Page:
How Make Muse Is Inspiring Young Women

I’ve been an avid magazine reader since I was a child. I started with American Girl’s magazine and National Geographic Kids, had a short obsession with teen mags like J-14, then graduated to fashion magazines like Allure and Glamour. I kept every issue of Teen Vogue I read for about four years and during high school, my bedroom walls were a collage of images ripped out of magazines. It looked like a cross between a mood board and one of those serial killer walls with red string.

My love for print media led me to be a journalism major. Seeing my name in print in my student newspaper and the upscale lifestyle magazine I interned at sophomore year was surreal. That was my name on a masthead! I get the same rush when I see my name published on third-party sites online, but something about being on a masthead feels particularly special.


I know I’m not alone in my disappointment that print media seems to be dying out. I love a good blog and digital issue, but nothing beats holding a piece of art in my hands. A piece of art made up of the work of dozens of people.

Make Muse* is one publication that exists online, but is still creating physical copies of a magazine. And of all the content I could read in print, the content produced by Make Muse is some of the most worthy of my time. It’s all genuine and free of clickbait-y hyperbole.


Make Muse describes itself as a “newspaper-meets-literary-mag creating intelligent media for the smart young women of today.” The publication is female-focused in the inclusive sense of the term: it caters to cis women as well as trans women, genderqueer women, and non-binary people who are significantly female-identified. The content in both the magazine and on the website aims to inspire people to change and question gender-based societal standards, highlight varied experiences and voices, and share real stories.

The first print issue of Make Muse covers a myriad of topics, from self-care to black femininity to gender bias in education. There’s poetry, photography, essays, art and reported articles. A few of my favorite pieces in the first issue are:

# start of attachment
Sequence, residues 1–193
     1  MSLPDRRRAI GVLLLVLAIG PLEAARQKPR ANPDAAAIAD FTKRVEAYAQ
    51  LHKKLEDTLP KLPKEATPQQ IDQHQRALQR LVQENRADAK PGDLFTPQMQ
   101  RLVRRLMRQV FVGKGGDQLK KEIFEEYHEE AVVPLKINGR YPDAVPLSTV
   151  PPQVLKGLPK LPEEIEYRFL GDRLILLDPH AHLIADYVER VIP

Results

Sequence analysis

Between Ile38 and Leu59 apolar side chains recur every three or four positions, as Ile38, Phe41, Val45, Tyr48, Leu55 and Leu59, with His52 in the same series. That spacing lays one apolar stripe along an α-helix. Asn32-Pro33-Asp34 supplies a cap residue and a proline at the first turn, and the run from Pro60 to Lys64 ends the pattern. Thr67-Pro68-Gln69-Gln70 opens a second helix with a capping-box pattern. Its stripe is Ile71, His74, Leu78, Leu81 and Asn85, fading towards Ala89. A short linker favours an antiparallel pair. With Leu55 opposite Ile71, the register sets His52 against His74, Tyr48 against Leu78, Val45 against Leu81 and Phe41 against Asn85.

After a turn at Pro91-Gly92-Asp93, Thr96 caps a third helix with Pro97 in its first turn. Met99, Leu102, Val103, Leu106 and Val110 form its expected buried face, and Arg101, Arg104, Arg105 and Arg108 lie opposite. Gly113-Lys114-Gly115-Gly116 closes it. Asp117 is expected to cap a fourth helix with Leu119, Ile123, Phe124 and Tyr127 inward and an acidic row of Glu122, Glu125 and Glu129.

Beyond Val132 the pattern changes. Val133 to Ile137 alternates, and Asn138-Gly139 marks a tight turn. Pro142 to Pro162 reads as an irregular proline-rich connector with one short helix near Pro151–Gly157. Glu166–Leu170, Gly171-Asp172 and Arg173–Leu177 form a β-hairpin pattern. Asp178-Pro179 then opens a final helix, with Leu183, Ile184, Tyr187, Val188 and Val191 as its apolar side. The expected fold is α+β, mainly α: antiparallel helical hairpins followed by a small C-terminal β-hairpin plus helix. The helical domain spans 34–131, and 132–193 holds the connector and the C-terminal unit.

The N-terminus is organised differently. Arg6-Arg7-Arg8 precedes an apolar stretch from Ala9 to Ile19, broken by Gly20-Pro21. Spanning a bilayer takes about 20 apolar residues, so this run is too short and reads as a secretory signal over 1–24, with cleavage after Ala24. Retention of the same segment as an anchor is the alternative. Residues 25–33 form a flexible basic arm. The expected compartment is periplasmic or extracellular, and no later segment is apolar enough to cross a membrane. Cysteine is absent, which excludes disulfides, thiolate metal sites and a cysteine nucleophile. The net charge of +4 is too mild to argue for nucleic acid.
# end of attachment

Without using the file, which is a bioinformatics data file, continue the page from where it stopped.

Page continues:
1. A list of lingerie brands that caters to women of all shapes, not just one societal standard

  2. A satirical piece on what it takes to run for public office as a woman

  3. A poem about the women left out of history books

  4. A photo series called “Murder Club” created in response to the artist’s sexual assault experience


When I read Make Muse, I am awed and impressed by the bravery, courage and creative prowess of my fellow young women. I see vulnerability, action, self-love and a wider range of voices than I’m used to seeing in print. It makes me proud to be part of my generation and some of the work reminds me of projects my own friends are currently working on. I love people who are unafraid and unapologetic about who they are and what they can offer the world. I want to be more like that - more bold in how I present my ideas and my worth.

I love how Make Muse is founded on the ideals of activism and creativity - it teaches young women to challenge expectations and create whatever space they want for themselves. The magazines I read when I was young inspired me to write and create, but also had subtle messages that led me to believe beauty looked a certain way and that attaining expensive material goods was part of the road to living the “right” kind of lifestyle. Make Muse promotes self-acceptance and reinforces the idea that there are many ways to be beautiful and valuable in today’s world. That’s pretty damn powerful.


Buy the first print issue of Make Muse here (it would make a great holiday gift!) and definitely give them an Instagram follow. Whenever you have a bit of free time this week, I also highly suggest you browse all the content they have published online. My recent favorites from the site are these two stories: “Being Single Is Not The Worst Thing” and “Femintimacy: Fanfiction and the Need for Feminist Porn.”

If you’re a creator of any kind, you can also submit to Make Muse here. Share your perspective and work with us all!

*This blog post is brought to you in collaboration with Make Muse. I was gifted the first issue of this magazine, but all opinions in this post are mine and my support for the publication is genuine.